Works on paper and silk textile samples show the artist's process
Posted 05.03.17 by Katherine Cowan
May 1 - 26, 2017
Curated by Katherine Cowan '81
Sophia Louise Crownfield was born in Baltimore, Maryland in 1862. By 1889 she moved to New York City and soon began working as a designer for the textile industry, creating floral- and plant-based patterns for the women's dress silk trade. One consistent employer was the Cheney Silk Company of Connecticut. She died in 1929, age 67, at which time her home was 133 West 12th Street in New York.
This collection of Crownfield's work was given to MICA in 1941 by the artist's sister, Gertrude Crownfield, but only recently came from storage to the Decker Library so that it can be accessed by the community.
Consisting of more than 1200 works -- mainly on paper -- the collection is largely comprised of studies toward designs for textile patterns. Many drawings are in a linear realistic style with emphasis on the structure of the plants, while others, particularly those in color, emphasize the volume of the subject. Then there are examples of more abstracted motifs as the artist developed textile patterns, and some examples of completed silk textiles are included.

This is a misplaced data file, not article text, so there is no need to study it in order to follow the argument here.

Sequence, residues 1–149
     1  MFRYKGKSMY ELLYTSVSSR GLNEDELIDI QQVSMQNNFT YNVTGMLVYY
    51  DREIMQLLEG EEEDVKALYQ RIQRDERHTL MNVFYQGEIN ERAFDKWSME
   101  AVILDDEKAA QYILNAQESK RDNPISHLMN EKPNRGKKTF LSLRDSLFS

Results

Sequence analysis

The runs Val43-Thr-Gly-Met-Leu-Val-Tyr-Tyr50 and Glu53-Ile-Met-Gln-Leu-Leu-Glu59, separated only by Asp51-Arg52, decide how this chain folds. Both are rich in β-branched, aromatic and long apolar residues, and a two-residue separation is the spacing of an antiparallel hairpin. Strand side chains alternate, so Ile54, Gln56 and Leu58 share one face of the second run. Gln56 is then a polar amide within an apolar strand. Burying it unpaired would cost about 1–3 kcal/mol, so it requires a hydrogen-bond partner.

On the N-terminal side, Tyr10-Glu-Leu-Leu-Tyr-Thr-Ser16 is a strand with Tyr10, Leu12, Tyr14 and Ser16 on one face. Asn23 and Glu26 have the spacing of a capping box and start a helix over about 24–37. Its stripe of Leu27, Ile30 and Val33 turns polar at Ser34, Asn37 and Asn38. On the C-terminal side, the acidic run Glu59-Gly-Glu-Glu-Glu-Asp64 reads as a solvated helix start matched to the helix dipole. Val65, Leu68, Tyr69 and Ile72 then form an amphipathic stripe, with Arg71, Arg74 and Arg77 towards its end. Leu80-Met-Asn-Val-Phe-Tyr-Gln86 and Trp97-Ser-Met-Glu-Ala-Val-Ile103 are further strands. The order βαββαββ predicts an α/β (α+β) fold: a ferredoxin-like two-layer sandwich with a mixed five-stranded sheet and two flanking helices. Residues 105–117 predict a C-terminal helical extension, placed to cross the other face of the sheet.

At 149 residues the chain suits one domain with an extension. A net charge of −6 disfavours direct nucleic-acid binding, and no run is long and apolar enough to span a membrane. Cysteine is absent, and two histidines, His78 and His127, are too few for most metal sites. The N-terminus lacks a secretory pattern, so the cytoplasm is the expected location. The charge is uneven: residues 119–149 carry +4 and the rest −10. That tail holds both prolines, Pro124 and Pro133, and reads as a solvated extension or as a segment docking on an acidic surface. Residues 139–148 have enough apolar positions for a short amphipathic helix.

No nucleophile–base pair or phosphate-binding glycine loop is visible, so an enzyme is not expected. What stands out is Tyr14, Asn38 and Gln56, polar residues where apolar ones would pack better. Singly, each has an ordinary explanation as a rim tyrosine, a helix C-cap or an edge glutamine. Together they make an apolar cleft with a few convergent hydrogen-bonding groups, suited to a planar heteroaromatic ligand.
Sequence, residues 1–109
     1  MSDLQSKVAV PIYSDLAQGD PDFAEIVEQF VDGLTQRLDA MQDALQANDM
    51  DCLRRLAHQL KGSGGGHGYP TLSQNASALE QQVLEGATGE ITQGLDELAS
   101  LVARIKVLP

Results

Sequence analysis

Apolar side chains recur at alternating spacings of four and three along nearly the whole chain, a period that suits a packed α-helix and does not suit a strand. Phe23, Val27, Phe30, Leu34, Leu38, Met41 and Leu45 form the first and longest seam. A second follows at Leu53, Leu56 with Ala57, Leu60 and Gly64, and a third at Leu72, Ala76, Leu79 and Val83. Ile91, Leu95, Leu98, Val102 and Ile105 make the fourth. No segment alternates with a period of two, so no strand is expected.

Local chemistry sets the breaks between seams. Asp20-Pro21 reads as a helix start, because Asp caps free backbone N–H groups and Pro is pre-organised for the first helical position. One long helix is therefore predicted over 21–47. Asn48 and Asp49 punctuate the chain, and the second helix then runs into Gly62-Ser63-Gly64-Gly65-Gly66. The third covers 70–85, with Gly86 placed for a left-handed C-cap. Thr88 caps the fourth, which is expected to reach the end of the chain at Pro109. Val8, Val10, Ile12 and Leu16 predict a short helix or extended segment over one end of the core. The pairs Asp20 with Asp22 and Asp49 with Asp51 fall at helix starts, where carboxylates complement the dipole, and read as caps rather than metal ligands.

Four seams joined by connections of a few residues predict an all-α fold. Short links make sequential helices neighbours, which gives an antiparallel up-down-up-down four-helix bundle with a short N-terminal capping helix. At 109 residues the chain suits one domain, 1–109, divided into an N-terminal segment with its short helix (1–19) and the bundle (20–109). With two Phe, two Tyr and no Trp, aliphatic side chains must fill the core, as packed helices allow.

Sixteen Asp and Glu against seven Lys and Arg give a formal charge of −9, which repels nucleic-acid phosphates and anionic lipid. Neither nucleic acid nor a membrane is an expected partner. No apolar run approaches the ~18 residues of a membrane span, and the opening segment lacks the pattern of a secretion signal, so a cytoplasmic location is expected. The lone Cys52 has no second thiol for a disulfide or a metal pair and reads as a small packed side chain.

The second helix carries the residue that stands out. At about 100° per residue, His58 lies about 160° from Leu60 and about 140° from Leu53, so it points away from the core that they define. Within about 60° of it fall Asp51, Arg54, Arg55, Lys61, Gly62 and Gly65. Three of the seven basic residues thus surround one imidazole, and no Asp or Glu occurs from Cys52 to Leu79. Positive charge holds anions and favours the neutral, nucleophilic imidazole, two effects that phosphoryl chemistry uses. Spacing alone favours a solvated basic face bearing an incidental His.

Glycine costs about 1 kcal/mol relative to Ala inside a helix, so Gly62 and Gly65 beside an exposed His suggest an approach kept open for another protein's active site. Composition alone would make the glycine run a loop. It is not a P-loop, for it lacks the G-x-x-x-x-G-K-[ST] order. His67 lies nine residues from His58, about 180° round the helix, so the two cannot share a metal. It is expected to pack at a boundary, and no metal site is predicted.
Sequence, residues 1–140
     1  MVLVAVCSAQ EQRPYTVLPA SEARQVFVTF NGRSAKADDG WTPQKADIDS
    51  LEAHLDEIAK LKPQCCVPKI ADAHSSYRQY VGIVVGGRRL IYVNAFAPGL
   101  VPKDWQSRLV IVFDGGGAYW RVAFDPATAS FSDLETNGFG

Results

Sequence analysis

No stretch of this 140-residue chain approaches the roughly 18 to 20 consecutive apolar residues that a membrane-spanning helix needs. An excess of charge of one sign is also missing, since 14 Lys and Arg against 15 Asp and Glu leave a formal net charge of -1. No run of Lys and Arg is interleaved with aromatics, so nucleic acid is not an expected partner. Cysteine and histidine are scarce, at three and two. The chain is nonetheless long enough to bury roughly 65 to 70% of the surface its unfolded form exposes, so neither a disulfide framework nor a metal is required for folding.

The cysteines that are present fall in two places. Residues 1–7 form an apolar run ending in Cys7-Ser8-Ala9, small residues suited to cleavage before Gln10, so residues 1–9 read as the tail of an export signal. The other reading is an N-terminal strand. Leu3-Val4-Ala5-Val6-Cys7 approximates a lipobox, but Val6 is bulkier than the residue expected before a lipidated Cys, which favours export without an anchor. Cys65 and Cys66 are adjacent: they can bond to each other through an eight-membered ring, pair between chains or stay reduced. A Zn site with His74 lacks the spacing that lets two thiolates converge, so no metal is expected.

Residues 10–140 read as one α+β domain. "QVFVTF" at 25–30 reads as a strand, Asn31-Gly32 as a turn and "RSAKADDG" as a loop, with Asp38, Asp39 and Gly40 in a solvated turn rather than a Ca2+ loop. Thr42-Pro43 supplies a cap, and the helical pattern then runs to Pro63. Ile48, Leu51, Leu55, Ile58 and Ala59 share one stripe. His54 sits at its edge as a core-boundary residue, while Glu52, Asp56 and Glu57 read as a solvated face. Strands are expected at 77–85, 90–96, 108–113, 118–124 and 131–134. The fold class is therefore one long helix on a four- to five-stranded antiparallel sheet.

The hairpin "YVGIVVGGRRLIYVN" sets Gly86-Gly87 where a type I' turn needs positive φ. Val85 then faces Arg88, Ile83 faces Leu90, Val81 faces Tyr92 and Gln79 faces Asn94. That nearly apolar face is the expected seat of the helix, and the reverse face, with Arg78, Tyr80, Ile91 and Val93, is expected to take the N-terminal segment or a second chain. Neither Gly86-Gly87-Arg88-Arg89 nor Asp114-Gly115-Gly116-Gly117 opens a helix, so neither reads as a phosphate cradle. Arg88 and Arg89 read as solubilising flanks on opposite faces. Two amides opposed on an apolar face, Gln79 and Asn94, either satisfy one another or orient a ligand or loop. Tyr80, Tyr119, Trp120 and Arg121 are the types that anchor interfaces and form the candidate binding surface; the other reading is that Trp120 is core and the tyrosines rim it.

To see materials from the Library's special collections, ask at the Information Desk during library hours or email email@example.com to make an appointment. Faculty are welcome to schedule class visits to see collections and can use this online form to do so.
Examples of Sophia L. Crownfield's work are held at the Smithsonian's Cooper-Hewitt, National Design Museum in New York, New York. The museum provides many images online in high resolution.
A book on the Cheney Silk company is available in the Decker Library's collection: The Story of Silk & Cheney Silks [c1916]. It is also online through Cornell University's Home Economics Archive: Research, Tradition, and History (HEARTH).
Thumbnail: Detail of Crownfield design.
This page: Above - Crownfield in her studio. Photograph courtesy of Laura Muha. Below - Crownfield studies and design using a poppy motif, and completed silk textile. Photographs by Arthur Soontornsaratool.
Founded in 1826, Maryland Institute College of Art (MICA) is the oldest continuously degree-granting college of art and design in the nation. The College enrolls nearly 3,500 undergraduate, graduate and continuing studies students from 49 states and 65 countries in fine arts, design, electronic media, art education, liberal arts, and professional studies degree and non-credit programs. With art and design programs ranked in the top ten by U.S. News and World Report, MICA is pioneering interdisciplinary approaches to innovation, research, and community and social engagement. Alumni and programming reach around the globe, even as MICA remains a cultural cornerstone in the Baltimore/Washington region, hosting hundreds of exhibitions and events annually by students, faculty and other established artists.
This page was last updated on 05/03/2017.